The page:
Internal Market, Industry, Entrepreneurship and SMEs

26 Galileo satellites now in orbit for improved EU satellite navigation signal

26 Galileo satellites now in orbit for improved EU satellite navigation signal
Published on: 25/07/2018
Today four more Galileo satellites were successfully launched from the European spaceport in French Guiana on the European launcher Ariane-5. With a constellation of now 26 satellites, the EU's global satellite navigation system will provide a more precise signal across a range of valuable services.
Ariane 5 rocket lifting off

Galileo provides positioning and timing services to around 400 million users since December 2016. Today's launch brings the constellation close to completion in 2020, which is when Galileo will reach full operational capability. With a then record precision of 20cm, Galileo will be the most precise satellite navigation system in the world.

Space may be far away but its technology, data and services have become indispensable in our daily lives, be it in rescue searches, connected cars, smart watches, farming or plane navigation. The European space industry is strong and competitive, creating jobs and business opportunities for entrepreneurs. For the next long-term EU budget 2021-2027, the Commission has just proposed bringing all existing and new space activities under the umbrella of one single €16 billion 'EU Space Programme'.

Vice-President of the Commission Maroš Šefčovič said: "Another milestone towards full operational capability of Galileo in 2020! Space is becoming a new economic frontier, as it is vitally linked to a growing number of sectors and driving their profound modernisation. In fact, 10% of the EU's GDP is dependent on space-related services. We therefore need to strive for Europe's global leadership and strategic autonomy."

Elżbieta Bieńkowska, Commissioner for the Internal Market, Industry, Entrepreneurship and SMEs, who led the European Commission delegation to Kourou (French Guiana), said: “We can be very proud of our successful space activities. Europe has become a true space power. From the start of the mandate I had clear goals: develop the infrastructure on time and on budget, deliver first services and ensure rapid market uptake. Today we can say – we made it. But work and investment will go on under the new EU Space Programme."

Galileo currently provides three types of satellite navigation based services:

  • Galileo Open Service: a free service for positioning, navigation and timing. The timing service is increasingly robust, accurate and fast (in order of nanoseconds) compared to other location systems. It enables the eCall system, which is mandatory in all new cars in the EU since 31 March 2018, to communicate the vehicle's location to emergency services.
  • Galileo's Search and Rescue (SAR) Service: localisation of distress signals from an enabled beacon. With the start of Galileo initial services in December 2016 the time to detect a person lost at sea or in the mountains was reduced from up to 4 hours to about 10 minutes after a distress beacon is activated. The accuracy of the localisation has improved from 10 km without Galileo to less than 2 km with Galileo. Additionally, from next year the service will send back a signal informing the person in danger that the distress signal has been picked up and localised.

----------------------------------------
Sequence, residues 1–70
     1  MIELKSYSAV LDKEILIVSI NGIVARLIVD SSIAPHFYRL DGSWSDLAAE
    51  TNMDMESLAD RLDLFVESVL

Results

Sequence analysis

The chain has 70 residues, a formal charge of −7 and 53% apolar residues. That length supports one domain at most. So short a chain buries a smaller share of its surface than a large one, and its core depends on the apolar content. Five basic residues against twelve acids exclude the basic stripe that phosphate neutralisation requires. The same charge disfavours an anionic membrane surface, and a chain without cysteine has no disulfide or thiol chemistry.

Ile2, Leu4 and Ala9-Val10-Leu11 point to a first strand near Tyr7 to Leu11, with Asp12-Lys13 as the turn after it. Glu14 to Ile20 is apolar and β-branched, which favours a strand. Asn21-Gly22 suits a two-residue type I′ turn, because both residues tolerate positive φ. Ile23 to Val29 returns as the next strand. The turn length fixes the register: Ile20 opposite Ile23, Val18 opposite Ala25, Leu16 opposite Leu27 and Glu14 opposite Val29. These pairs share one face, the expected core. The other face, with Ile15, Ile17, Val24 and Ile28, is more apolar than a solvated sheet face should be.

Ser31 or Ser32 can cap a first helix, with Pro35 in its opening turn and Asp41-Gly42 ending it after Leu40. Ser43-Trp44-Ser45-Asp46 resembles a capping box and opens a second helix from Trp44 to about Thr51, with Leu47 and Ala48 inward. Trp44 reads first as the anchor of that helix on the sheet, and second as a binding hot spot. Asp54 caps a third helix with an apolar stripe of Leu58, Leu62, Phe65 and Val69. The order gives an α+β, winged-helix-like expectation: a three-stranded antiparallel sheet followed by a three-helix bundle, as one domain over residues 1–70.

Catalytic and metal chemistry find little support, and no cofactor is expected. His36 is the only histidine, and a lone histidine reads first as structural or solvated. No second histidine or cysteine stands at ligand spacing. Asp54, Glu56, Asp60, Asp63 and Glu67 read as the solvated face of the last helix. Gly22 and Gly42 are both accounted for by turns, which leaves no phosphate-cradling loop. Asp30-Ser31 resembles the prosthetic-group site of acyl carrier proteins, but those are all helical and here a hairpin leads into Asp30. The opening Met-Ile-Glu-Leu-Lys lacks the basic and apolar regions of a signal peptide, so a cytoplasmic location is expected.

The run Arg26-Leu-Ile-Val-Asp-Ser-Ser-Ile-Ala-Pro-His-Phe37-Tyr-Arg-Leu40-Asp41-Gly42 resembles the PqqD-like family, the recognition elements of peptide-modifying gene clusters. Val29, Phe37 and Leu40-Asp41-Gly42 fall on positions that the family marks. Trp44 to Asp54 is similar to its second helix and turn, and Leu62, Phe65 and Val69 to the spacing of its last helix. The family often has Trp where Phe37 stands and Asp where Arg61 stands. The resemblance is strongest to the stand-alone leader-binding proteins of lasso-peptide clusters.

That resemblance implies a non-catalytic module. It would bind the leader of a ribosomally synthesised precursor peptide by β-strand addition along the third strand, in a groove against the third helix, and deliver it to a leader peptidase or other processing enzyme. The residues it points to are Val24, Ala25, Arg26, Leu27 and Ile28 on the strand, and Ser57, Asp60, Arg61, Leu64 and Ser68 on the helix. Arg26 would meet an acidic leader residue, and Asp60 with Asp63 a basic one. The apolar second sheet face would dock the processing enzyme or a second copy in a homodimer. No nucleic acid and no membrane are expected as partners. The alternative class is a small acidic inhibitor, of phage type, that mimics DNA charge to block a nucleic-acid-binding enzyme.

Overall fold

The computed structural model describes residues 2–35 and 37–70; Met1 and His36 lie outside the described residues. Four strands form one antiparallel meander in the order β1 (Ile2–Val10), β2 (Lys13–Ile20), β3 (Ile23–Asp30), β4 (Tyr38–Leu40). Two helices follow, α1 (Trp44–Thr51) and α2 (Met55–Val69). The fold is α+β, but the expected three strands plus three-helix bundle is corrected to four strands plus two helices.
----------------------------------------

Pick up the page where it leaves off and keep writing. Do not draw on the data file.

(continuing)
• Galileo Public Regulated Service (PRS): an encrypted service designed for public authorities for security sensitive use, for instance military operations. PRS aims at ensuring service continuity, even in the most adverse environment. It offers a particularly robust and fully encrypted service for government users during national emergencies or crisis situations, such as terrorist attacks.

Anyone with a Galileo enabled device is able to use its signals for positioning, navigation and timing. Galileo services are based on highly accurate signals, but during the current initial phase they are not available all the time and therefore are used in combination with other satellite navigation systems such as GPS. Every addition to the constellation gradually improves Galileo availability and performance worldwide. Once the constellation reaches 30 satellites in 2020, Galileo will be fully operational and independent, meaning that a position could be established autonomously everywhere and anytime using Galileo satellites only.


All Galileo satellites are named after the children whose drawings were selected as winning pictures in the Galileo Drawing Competition in 2011. The 4 satellites launched on 25 July are named after Tara from Slovenia, Samuel from Slovakia, Anna from Finland and Ellen from Sweden.

Galileo is a civilian system under civilian control, which provides accurate positioning and timing information. Galileo aims to ensure Europe's independence from other satellite navigation systems and its strategic autonomy in satellite navigation. Europe's autonomy in this sector will boost the European job market, help the EU step up its role as a security and defence provider, and support emerging technologies such as Artificial Intelligence, drones, automated mobility and the Internet of the Things.

Other EU space activities include Copernicus (free and open Earth observation data of land, atmosphere, sea, climate change and for emergency management and security), EGNOS (regional satellite navigation system) and Space Surveillance and Tracking (SST).

For the next long-term EU budget 2021-2027, the Commission has proposed a €16bn EU Space Prpgramme covering all existing and new space activities including maintaining the EU's autonomous access to space, supporting space start-ups, and developing new security components such as Space and Situational Awareness (SSA) and Governmental Satellite Communication (GOVSATCOM).

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